Regardless of the amount of the change, we can also talk about the direction. Is it increasing, decreasing or staying the same? Did the price go up or down? When did it happen? Like Newton and his peers, when we start to ask these questions, we quickly run into one the most important words in all of modern Mathematics: *limits*.

## Approaching The Beginning and Ends of Time and Space

There's actually a bit more imagination involved with understanding limits in the mathematical definition than typically encountered in other branches of math. Unlike the natural language versions, in Mathematics we use limits to talk about what happens *as we approach* a given point on a path from *all possible directions at the same time*. There's a bit of poetry to the idea. As we get closer and closer, traveling from any possible direction, if we always arrive on the at the same finite point in space, a limit is said to *exist* at that point.

Why is it important that these limits exist on our paths going from one place to another? It's actually more about of what happens when they don't – it's difficult to have a discussion about change without the consistences and continuity that limits bring to the table. Without them such conversations become full of holes and conflicting truths. Or try to imagine walking down a street where you appear in a different place depending on which direction you arrive from. The Universe as we know it is a very tricky place to navigate without limits.

In particular there are two points on our paths that limits are helpful for describing because we often can't actually go there, only approach them; zero (also known as nothing, nil or null) and infinity (the number bigger than the biggest number). In Mathematics these concepts are represented by the symbols “0” and “∞” respectively and they come into play when dealing with very small and very large scale ideas alike. We consistently consider what happens as we get near these places when we are talking about how things are changing at an exact moment in time, or when accumulating the results of continued forces over hundreds of thousands of years.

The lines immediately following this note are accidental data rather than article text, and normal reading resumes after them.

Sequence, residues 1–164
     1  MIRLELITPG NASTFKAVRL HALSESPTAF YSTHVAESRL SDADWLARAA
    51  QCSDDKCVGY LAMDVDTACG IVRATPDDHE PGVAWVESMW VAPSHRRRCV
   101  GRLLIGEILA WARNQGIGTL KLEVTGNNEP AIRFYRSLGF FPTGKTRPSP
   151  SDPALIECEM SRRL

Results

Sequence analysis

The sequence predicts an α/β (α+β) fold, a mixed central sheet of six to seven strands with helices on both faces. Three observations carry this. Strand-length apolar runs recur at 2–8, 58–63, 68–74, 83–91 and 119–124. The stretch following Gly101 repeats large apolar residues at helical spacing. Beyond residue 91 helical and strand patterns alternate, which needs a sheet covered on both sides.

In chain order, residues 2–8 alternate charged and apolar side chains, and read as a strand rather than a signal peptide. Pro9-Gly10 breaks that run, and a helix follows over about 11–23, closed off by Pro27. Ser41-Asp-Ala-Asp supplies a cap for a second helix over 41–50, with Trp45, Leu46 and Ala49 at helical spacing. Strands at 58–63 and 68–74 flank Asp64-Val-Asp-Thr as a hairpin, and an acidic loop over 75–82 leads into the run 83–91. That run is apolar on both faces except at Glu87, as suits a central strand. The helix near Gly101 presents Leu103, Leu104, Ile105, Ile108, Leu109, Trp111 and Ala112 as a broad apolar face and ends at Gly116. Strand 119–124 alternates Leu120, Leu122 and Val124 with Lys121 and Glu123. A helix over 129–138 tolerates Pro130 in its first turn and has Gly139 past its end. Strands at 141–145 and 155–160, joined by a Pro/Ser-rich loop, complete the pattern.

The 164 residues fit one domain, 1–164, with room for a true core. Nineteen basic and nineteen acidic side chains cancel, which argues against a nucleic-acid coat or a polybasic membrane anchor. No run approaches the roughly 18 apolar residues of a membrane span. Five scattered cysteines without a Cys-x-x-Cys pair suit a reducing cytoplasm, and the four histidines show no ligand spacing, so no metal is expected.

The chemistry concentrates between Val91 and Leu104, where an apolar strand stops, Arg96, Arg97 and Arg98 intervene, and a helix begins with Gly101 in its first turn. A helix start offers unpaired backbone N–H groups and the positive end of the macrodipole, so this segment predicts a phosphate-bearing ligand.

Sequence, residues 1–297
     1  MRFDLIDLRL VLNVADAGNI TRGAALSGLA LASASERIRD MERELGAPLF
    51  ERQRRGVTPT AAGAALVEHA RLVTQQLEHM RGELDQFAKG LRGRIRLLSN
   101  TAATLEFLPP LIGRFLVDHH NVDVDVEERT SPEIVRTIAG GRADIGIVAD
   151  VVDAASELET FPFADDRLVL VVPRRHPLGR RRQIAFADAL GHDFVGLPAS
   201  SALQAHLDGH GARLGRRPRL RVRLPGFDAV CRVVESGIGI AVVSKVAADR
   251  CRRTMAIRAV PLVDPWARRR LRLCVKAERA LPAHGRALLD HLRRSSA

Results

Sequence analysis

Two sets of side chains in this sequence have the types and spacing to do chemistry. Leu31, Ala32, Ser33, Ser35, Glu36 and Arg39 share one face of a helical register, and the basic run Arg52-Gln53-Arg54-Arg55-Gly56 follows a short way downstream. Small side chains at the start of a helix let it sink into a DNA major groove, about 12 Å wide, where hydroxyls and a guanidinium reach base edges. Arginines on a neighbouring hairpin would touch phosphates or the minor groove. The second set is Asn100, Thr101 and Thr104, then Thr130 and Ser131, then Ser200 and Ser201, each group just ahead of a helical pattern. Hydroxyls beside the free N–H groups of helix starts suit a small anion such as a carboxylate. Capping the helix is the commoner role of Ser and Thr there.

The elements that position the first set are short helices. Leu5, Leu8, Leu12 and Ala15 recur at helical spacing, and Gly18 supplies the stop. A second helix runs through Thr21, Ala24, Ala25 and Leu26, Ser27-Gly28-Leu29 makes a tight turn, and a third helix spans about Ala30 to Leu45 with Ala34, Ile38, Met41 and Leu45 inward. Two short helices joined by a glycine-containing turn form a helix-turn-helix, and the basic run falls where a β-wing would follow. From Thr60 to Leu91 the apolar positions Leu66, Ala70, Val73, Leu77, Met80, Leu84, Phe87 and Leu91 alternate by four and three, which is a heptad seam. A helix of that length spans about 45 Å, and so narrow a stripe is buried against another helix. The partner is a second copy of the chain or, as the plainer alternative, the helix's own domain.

The basic concept of limits is just the first step into this toolkit for analysis and expression. When we're talking about information, ideas or even feelings that have this special kind of consistency to them we can use the language and logic that comes with Calculus to reveal deeper meaning and understanding of how things change. In this sense, limits aren't points that can't be crossed, they the interesting places that we can visit, observe from every angle and then move on from. The more limits the better!

However, like any translation, this description is only part of the picture. To get the most insight, humor and beauty out of limits you may need to learn some of the native tongue they are written in. If you remember a little bit of algebra, one place to start is the Khan Academy's introduction to differential calculus which as you would expect, beings with the concept of *limits*. History and linguistic buffs may prefer to get more of a background of how the of language Calculus has roots that date back thousands of years to the ancient Egyptians and Greeks. Or for a laugh, Look Around You takes a look at Maths.

*ps. Thanks to Lisa Rogers Neal for suggested edits and notes.*